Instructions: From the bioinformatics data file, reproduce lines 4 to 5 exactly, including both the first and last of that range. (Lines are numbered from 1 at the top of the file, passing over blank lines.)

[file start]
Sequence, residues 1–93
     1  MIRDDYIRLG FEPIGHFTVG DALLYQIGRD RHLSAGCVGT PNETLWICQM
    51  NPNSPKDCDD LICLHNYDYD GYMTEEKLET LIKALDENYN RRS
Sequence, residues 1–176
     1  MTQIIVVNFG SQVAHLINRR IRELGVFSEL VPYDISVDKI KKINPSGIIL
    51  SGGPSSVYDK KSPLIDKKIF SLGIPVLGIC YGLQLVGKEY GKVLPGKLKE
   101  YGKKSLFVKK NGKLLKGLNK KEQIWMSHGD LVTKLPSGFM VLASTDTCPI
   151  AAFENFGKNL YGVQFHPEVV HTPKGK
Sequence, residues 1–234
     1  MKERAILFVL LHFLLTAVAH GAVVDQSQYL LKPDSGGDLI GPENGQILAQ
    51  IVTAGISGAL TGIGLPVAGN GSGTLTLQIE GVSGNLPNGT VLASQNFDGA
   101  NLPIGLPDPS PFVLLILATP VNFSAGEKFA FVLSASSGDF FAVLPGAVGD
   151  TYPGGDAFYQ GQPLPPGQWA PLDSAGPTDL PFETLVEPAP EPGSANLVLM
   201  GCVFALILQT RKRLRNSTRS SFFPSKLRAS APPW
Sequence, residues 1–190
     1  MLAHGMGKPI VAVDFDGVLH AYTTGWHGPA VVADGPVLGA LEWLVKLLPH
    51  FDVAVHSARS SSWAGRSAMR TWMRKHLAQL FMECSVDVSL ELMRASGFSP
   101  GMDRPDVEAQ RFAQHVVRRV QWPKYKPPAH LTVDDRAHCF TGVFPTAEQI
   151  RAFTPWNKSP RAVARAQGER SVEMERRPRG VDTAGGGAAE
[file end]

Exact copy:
Sequence, residues 1–176
     1  MTQIIVVNFG SQVAHLINRR IRELGVFSEL VPYDISVDKI KKINPSGIIL